Above all, the enactment of a comprehensive anti-discrimination law (equality law) was a key task set by the NHRCK itself. In 2020, it even released a draft equality law and urged the National Assembly to enact an anti-discrimination law. There have also been several statements by the NHRCK and its chairperson. In particular, shortly after the last presidential election, they called for the enactment of the Equality Act with “a sense of urgency that the aspirations of the people should not be ignored any longer as we enter a period of transition between new and old governments.” The deletion of “comprehensive anti-discrimination legislation” from the draft CEDAW report is not limited to the two standing commissioners, Kim Yong-won and Lee Chung-sang, whose anti-human rights stance has led to the paralysis of the NHRCK, as several members abstained and voted against the report. It is the role of an ‘independent human rights body’ to push the limits of the judiciary, which is confined to the legal system, with progressive interpretations and interventions on discrimination and human rights violations, to remind politicians of their responsibilities before the tyranny of the majority of the ‘social consensus’, and to advance the direction of an equal society that should be created by legislative and executive institutions. However, we cannot help but ask who is leading the Yoon administration’s massive regression in human rights policy by denying established international norms and the history of the NHRCK, making human rights a matter of compromise and voting.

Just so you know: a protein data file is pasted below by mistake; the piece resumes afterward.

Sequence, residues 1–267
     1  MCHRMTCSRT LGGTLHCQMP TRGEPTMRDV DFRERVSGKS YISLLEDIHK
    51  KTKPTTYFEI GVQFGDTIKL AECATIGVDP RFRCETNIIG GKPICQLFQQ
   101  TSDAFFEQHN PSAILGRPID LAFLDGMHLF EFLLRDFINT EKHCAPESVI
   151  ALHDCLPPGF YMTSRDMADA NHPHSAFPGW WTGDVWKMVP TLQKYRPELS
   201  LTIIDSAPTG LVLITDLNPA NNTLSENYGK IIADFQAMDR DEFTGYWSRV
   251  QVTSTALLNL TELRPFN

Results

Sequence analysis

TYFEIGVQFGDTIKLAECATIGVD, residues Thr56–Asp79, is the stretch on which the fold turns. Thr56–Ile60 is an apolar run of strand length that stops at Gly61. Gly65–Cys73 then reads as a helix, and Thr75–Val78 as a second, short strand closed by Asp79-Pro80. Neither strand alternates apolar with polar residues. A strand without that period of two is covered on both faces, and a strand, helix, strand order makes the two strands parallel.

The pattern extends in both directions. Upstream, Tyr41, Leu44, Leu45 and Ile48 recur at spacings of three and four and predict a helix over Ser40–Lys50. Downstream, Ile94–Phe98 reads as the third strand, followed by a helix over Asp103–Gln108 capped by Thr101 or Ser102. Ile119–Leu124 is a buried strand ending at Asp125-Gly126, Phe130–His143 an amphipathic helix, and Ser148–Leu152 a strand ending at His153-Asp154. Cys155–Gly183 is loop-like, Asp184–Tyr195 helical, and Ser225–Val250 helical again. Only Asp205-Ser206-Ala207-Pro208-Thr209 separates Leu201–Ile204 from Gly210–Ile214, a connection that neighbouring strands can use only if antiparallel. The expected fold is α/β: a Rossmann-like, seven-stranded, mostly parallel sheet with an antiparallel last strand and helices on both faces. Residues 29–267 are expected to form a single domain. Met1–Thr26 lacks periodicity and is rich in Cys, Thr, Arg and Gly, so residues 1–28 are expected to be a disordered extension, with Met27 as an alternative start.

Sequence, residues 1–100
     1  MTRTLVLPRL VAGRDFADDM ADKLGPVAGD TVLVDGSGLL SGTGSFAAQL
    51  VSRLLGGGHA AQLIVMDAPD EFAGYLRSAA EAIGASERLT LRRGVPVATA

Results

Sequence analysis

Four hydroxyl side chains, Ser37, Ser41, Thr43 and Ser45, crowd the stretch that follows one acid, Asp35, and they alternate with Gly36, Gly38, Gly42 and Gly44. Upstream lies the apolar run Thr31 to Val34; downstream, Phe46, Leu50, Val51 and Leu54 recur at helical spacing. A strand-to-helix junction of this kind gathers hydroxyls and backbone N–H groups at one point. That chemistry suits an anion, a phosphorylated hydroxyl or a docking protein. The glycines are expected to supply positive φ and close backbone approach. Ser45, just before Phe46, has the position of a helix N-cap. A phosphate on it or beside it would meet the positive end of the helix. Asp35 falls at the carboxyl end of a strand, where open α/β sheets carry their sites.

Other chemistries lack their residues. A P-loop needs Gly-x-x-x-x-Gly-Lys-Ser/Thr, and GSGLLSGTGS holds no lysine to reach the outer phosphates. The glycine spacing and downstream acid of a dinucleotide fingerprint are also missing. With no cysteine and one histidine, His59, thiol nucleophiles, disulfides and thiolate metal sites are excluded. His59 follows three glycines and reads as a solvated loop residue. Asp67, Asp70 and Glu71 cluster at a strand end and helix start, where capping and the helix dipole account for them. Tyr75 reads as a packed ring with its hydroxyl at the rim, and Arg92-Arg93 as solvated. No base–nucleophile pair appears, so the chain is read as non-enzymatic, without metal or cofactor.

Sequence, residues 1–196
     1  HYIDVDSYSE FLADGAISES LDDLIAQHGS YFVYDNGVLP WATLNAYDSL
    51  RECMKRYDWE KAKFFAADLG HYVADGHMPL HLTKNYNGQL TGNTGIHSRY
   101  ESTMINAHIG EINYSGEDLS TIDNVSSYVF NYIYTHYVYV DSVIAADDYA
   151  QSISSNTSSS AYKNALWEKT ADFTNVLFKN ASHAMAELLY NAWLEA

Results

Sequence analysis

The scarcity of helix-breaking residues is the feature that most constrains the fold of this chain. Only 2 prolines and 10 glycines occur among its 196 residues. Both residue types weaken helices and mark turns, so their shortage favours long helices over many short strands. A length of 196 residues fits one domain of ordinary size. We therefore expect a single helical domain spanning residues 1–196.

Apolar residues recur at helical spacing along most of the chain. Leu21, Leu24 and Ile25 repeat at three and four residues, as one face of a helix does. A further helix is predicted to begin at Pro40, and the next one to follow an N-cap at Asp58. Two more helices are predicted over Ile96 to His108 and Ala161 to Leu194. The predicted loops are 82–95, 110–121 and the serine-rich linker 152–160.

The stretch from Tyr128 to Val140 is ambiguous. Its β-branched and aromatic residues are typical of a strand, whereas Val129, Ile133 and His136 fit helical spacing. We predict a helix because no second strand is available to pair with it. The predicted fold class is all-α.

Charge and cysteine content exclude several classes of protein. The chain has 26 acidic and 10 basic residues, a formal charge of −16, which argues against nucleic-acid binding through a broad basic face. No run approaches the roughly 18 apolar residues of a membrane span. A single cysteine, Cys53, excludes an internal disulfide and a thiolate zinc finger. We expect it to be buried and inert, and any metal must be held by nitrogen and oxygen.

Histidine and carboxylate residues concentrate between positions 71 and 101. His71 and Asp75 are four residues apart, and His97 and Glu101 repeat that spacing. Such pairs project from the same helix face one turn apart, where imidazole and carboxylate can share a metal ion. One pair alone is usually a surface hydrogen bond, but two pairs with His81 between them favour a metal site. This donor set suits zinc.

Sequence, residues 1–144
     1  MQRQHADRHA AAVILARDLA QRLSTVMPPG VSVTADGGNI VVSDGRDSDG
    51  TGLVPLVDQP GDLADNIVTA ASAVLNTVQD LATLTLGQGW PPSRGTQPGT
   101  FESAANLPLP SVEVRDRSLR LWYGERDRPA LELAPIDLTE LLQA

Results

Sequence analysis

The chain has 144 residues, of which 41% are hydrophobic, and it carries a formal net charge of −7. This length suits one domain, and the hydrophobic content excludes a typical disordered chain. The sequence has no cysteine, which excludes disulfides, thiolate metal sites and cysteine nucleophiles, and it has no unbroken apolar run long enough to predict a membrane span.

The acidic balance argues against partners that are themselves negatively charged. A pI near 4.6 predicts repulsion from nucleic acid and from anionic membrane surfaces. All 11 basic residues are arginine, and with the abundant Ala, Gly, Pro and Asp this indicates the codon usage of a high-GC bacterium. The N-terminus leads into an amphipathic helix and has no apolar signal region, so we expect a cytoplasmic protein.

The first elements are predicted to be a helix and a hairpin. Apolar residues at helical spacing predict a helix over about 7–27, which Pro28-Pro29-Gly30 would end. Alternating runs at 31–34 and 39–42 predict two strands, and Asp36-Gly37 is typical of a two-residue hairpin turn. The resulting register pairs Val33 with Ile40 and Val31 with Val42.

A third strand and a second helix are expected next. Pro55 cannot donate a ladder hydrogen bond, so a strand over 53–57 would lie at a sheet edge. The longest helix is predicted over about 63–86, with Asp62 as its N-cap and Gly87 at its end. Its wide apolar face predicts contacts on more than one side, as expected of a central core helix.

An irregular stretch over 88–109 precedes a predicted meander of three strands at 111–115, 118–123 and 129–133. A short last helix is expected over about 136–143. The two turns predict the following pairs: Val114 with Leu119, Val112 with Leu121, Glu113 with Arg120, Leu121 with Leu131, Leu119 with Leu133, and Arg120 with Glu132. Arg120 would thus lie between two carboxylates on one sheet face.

In addition to the deletion of the “enactment of a comprehensive anti-discrimination law,” the rest of the amendments are also clear in their limitations. It does nothing to address gender-based violence by ignoring the time-honoured call for a relaxation of rape requirements in the criminal code, and it does nothing to change workplace sexism and the devaluation of women’s work by failing to set clear standards for equal labour rights for migrant women.

It is appalling to see the long-standing anti-gay propaganda that anti-discrimination laws, including sexual orientation and gender identity, are problematic being raised within the NHRCK. We strongly condemn the NHRCK’s decision to promote gender discrimination rather than gender equality by abandoning the anti-discrimination principles. The NHRCK’s decision to approve a rag-tag independent report on the elimination of discrimination against women by deleting the phrase “enact comprehensive anti-discrimination legislation” will be the most incompetent decision in the history of the NHRCK.

South Korean Coalition for Anti-discrimination Legislation (168 NGOs)